Offending, Victimization, and Double Involvement: Differences and Similarities between the Three Profiles1

By Simões, Celeste; Matos, Margarida Gaspar | Journal of Evidence-Based Psychotherapies, March 2011 | Go to article overview

Offending, Victimization, and Double Involvement: Differences and Similarities between the Three Profiles1


Simões, Celeste, Matos, Margarida Gaspar, Journal of Evidence-Based Psychotherapies


Abstract

Bullying in schools is associated with several factors such as the individual, family, peers, school, and community. Some recent studies showed that the main social contexts (i.e., family, friends, classmates and teachers) have an indirect impact on risk behaviors through their impact on personal factors. The purpose of this paper is to develop an explicative model for bullying, where the main social contexts have an impact on school satisfaction and subjective health complaints, that have a direct impact on bullying. Three models with a different dependent variable were developed to find the differences and similarities of these predictors on offending, victimization and double involvement in bullying. The results show that the determinants of these behaviors are different. It seems that school satisfaction is more important for offending and double involvement. Subjective health complaints appear as a risk factor for the three profiles. Teachers are the most important protective factor for school satisfaction, and classmates and family seem to have an important protective impact on subjective health complaints. Implications for intervention are further discussed.

Keywords: bullying, victimization, offending, double involvement

Introduction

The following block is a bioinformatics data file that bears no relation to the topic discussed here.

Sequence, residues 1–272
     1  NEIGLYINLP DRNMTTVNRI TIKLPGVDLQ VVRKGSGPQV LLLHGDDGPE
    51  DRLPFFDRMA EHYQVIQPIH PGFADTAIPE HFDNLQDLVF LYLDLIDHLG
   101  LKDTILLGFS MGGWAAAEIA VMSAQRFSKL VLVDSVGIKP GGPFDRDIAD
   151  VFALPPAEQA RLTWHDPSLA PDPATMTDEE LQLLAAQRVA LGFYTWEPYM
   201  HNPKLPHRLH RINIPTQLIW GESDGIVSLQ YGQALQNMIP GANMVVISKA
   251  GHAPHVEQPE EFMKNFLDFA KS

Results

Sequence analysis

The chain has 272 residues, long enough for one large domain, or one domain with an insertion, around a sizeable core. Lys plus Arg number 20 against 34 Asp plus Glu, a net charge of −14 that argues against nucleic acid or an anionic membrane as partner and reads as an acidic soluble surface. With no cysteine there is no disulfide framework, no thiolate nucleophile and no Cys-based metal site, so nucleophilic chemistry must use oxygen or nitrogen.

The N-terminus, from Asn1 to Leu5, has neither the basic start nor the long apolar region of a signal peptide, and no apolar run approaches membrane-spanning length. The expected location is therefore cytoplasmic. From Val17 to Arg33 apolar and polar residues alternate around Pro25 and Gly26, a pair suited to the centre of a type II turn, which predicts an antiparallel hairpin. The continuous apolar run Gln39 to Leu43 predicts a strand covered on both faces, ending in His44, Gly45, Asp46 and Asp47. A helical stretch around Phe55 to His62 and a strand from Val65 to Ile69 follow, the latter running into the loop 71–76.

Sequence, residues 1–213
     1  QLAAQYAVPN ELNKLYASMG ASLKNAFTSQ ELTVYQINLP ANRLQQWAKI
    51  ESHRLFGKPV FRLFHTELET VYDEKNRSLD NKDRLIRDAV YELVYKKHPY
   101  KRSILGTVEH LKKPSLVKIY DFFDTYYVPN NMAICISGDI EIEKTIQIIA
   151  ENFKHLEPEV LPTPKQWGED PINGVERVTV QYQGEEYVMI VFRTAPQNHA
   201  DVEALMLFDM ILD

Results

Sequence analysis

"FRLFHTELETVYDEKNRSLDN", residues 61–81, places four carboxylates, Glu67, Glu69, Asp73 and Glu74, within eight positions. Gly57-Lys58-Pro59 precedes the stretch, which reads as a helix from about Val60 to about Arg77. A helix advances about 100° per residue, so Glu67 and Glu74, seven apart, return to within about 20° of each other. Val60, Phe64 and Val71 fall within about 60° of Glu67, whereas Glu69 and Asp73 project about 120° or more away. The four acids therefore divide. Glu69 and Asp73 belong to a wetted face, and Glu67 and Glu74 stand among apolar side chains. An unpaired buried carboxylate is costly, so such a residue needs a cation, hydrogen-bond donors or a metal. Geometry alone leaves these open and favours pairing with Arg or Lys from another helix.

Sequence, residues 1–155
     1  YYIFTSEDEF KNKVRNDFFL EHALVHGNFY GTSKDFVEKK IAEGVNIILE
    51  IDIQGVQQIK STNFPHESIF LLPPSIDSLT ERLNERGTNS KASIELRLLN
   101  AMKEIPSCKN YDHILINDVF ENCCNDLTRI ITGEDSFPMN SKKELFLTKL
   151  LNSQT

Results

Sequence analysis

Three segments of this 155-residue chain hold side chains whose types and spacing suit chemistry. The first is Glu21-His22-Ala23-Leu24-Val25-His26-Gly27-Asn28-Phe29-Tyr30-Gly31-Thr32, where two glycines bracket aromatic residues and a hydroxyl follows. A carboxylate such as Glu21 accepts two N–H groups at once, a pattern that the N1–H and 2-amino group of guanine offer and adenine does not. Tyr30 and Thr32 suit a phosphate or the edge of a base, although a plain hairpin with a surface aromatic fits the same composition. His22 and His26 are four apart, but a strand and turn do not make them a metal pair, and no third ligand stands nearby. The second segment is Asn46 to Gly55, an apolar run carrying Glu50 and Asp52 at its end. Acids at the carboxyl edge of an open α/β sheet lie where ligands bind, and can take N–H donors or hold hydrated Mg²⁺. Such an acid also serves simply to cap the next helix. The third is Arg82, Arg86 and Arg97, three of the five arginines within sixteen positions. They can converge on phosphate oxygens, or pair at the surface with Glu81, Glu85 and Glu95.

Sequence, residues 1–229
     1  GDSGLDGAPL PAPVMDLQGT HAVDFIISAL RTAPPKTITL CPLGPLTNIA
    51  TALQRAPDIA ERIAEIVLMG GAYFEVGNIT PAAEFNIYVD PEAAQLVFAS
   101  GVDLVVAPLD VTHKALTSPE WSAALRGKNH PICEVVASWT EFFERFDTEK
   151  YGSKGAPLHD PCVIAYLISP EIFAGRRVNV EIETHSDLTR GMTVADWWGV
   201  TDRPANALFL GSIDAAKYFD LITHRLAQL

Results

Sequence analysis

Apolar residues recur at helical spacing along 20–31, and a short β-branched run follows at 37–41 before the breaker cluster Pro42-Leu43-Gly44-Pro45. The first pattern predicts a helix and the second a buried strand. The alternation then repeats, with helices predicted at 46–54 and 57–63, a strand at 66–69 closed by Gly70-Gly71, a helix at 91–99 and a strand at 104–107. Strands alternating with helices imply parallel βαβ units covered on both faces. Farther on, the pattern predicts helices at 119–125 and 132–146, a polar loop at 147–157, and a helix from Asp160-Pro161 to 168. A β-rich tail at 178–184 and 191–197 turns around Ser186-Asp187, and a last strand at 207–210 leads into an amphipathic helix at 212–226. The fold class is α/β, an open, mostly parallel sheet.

Disruptive behaviors include different forms of aggression and violence. These behaviors are associated not only with illicit drugs use and traffic, urban, racial and xenophobic violence (Delles, 2001; União Europeia, 2001), but also to anxiety and behavioral disorders (Frick, Bodin & Barry, 2000; Hill, 2002; Teplin, Abram, McClelland, Dulcan & Mericle, 2002). It becomes therefore important to know the determinants of these behaviors during adolescence, across different life contexts. Several theories and models have been developed to explain disruptive behavior. There are several perspectives focusing on various human characteristics explaining this behavior: (1) Individual perspectives outlining genetic, physiological, psychological, cognitive or behavioral characteristics (Barkauskiene & Bieliauskaite, 2002; Frick, et al., 2000; Hill, 2002; Matos & Simões, 2003; McBurnett, Naguib & Brown, 2000; O'Connor, Neiderhiser, Reiss, Hetherington & Plomin, 1998); (2) Interpersonal relationships perspectives, that draw attention to the influence of family and to the association with peers with similar antisocial behaviors (Hill, 2002; Lahey, Gordon, Loeber, Stouthamer- Loeber & Farrington, 1999; Shoemaker, 1996; Tiêt & Huizinga, 2002); (3) Social perspectives that highlight the influence of socioeconomic and social organization features on disruptive behavior development. Despite the value of all these perspectives, and the knowledge that they brought to disruptive behavior understanding, it is now widely recognized that these behaviors are determined by the interaction of several domains factors. In this respect, integrative perspectives, such as Patterson, Debaryshe and Ramsey's model (Patterson, Debaryshe & Ramsey, 2000) or Lahey, Waldman and McBurnett's causal model (Lahey, Waldman & McBurnett, 1999), claim that an antisocial behavior is the result of several factors and mechanisms. Although each of these theories approach specific processes in disruptive behavior development, all of them highlight the influence of significant life contexts in childhood and adolescence, namely family, peers and school (Simões, 2005, 2007). Regarding family, these theories show that a secure attachment and good communication, democratic rules and effective parental monitoring on adolescent behaviors are the key elements of a protective family environment. On the other hand, violence, difficulties in communicating, no rules or no supervision in the family can be a potential risk context for problem behavior development. The same can be said regarding peer influence or the impact of school. Supportive peers that have negative attitudes towards disruptive behavior can act as protection, but friends can probably also be a risk factor.

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